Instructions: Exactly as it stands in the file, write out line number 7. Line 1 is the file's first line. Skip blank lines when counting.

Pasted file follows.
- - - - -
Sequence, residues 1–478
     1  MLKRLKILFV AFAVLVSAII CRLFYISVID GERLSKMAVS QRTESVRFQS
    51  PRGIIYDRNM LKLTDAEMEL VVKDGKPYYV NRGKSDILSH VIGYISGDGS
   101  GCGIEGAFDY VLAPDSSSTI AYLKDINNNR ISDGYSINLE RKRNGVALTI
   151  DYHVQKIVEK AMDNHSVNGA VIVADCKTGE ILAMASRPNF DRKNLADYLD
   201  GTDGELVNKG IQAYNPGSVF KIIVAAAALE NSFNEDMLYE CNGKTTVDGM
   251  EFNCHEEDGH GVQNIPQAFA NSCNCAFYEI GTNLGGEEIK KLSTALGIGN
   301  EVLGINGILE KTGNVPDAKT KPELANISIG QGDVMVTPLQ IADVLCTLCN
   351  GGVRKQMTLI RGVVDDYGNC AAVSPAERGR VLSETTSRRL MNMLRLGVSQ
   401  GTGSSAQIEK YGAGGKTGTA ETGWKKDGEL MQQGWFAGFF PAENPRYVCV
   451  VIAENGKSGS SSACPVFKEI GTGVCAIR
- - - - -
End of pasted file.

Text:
   251  EFNCHEEDGH GVQNIPQAFA NSCNCAFYEI GTNLGGEEIK KLSTALGIGN